Location: Boston, MassachusettsTitle: A genome-wide survey for SNPs altering microRNA seed sites identifies functional candidates in GWAS Author
Submitted to: Biomed Central (BMC) Genomics
Publication Type: Peer Reviewed Journal
Publication Acceptance Date: 10/13/2011
Publication Date: 10/13/2011
Citation: Richardson, K., Lai, C., Parnell, L.D., Lee, Y., Ordovas, J. 2011. A genome-wide survey for SNPs altering microRNA seed sites identifies functional candidates in GWAS. Biomed Central (BMC) Genomics. 2:504. Interpretive Summary: In this study we have surveyed human Single-Nucleotide Polymorphisms (SNPs are DNA sequence variations) data and identified variants that provide functional hypotheses for observed genomewide association studies’ (GWAS) associations. Genomewide association studies (GWAS) have identified hundreds of common human genetic variants correlated with a significant change in disease related traits. However, there have been few hypotheses put forth, and fewer tested, to explain the biological mechanism through which the genetic variant may be modulating these traits. We have performed a genome-wide survey of 1000 Genomes Project genetic variation data for variants predicted to induce allele-specific miR-mRNA interactions. Further, we identify 92 of these variants as previously listed in genomewide association studies (GWAS), or strongly correlated with genomewide association studies’ (GWAS) SNPs. We survey other publically available data and demonstrate four of these 92 SNPs have supporting co-expression and eQTL evidence, suggesting these variants as likely functional candidates. These findings are of interest to the health care professionals because they demonstrate how publicly available resources can be used to identify high priority candidate SNPs for functional studies relevant to disease prevention.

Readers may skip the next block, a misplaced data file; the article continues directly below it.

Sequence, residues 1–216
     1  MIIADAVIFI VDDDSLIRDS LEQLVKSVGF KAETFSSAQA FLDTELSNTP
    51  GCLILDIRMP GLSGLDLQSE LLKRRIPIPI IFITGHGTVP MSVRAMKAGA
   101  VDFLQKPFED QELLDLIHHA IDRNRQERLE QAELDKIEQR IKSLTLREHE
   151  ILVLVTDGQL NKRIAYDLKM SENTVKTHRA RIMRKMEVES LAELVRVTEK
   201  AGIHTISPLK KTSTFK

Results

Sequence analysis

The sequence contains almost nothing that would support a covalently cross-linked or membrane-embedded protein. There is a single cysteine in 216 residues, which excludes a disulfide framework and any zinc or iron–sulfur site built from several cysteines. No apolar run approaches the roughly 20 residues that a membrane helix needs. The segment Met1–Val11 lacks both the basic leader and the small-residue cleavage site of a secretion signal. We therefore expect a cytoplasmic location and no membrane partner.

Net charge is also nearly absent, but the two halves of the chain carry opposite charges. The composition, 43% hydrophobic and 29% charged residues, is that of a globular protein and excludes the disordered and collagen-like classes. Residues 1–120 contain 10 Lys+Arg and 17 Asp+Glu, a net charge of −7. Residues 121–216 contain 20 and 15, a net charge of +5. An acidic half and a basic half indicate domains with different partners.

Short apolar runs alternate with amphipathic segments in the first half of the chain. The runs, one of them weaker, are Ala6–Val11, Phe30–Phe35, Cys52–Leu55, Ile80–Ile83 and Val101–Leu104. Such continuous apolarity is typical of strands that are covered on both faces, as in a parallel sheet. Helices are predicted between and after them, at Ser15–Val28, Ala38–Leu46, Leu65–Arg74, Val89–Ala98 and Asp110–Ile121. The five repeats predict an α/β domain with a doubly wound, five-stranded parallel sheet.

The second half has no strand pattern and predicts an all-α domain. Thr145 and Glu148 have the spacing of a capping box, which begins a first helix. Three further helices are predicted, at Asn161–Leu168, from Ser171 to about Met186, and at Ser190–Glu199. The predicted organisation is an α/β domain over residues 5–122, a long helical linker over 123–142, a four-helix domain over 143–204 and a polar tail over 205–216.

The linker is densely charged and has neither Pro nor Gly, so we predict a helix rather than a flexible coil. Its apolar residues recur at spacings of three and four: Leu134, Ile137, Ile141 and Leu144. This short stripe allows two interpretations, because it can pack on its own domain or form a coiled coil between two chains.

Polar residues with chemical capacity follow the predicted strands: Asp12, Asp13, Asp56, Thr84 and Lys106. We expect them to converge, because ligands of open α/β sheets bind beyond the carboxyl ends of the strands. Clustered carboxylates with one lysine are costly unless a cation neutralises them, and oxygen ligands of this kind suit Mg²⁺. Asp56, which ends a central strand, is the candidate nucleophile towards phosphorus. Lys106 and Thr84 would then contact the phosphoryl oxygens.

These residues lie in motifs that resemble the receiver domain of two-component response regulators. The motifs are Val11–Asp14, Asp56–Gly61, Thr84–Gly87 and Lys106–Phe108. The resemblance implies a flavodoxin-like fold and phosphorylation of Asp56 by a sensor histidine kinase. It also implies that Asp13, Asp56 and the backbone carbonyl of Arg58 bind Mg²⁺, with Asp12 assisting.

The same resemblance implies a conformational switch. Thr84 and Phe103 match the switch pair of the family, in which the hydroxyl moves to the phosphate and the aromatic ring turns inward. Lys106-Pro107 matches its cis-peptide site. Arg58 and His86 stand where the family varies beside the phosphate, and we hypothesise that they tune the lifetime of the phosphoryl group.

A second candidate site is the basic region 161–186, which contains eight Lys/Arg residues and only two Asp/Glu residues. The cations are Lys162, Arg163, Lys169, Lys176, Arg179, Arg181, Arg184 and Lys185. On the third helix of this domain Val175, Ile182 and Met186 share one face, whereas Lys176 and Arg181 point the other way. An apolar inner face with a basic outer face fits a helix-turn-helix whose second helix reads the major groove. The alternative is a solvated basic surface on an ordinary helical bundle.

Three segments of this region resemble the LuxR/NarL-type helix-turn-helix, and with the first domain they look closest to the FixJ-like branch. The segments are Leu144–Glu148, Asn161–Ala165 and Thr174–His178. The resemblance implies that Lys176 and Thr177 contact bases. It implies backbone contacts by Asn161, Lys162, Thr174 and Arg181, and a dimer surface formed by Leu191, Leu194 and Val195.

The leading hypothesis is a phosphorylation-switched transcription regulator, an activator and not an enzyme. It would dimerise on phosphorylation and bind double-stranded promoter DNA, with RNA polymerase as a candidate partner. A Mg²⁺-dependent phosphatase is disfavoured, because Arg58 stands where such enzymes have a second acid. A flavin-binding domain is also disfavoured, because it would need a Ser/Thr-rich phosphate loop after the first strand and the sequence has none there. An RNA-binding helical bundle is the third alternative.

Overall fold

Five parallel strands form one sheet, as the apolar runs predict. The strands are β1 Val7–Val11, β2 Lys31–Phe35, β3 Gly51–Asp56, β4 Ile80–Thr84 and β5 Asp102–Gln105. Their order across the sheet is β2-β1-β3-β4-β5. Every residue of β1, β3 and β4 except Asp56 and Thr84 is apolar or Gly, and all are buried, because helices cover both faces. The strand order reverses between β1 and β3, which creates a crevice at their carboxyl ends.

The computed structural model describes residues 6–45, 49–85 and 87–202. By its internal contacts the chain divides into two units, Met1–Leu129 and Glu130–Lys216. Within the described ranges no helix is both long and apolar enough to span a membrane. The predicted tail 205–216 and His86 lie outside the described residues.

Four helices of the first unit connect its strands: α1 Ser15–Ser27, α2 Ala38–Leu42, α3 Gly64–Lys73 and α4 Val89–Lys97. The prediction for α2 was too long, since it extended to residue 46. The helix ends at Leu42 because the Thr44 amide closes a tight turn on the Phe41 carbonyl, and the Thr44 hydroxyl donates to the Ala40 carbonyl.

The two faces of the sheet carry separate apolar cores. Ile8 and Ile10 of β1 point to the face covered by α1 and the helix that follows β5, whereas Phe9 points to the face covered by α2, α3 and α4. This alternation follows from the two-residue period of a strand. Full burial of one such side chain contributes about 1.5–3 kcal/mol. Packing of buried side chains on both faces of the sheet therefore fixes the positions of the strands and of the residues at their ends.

Technical Abstract: Gene variants within regulatory regions are thought to be major contributors of the variation of complex traits/diseases. Genome wide association studies (GWAS), have identified scores of genetic variants that appear to contribute to human disease risk. However, most of these variants do not appear to be functional. In the present study, focused on functional variants related with the binding of microRNAs (miR), we utilized SNP data, including newly released 1000 Genomes Project data to perform a genome-wide scan of SNPs that abrogate or create miR recognition element (MRE) seed sites (MRESS). We identified 2723 SNPs disrupting, and 22295 SNPs creating MRESSs. We estimated the percent of SNPs falling within both validated (5%) and predicted conserved MRESSs (3%). We determined 87 of these MRESS SNPs were listed in GWAS association studies, or in strong LD with a GWAS SNP, and may represent the functional variants of identified GWAS SNPs. Furthermore, 39 of these have evidence of co-expression of target mRNA and the predicted miR. We also gathered previously published eQTL data supporting a functional role for four of these SNPs shown to associate with disease phenotypes. Comparison of FST statistics (a measure of population subdivision) for predicted MRESS SNPs against non MRESS SNPs revealed a significantly higher (P = 0.0004) degree of subdivision among MRESS SNPs, suggesting a role for these SNPs in environmentally driven selection. We have demonstrated the potential of publicly available resources to identify high priority candidate SNPs for functional studies and for disease risk prediction.